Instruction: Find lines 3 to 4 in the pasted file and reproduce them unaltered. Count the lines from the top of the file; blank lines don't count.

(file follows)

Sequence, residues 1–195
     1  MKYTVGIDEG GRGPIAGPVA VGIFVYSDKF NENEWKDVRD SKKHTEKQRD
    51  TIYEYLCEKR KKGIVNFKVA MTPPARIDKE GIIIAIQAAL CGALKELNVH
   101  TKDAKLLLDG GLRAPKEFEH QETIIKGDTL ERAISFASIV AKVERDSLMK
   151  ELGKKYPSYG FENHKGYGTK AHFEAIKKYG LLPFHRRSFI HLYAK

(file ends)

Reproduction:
    51  TIYEYLCEKR KKGIVNFKVA MTPPARIDKE GIIIAIQAAL CGALKELNVH
   101  TKDAKLLLDG GLRAPKEFEH QETIIKGDTL ERAISFASIV AKVERDSLMK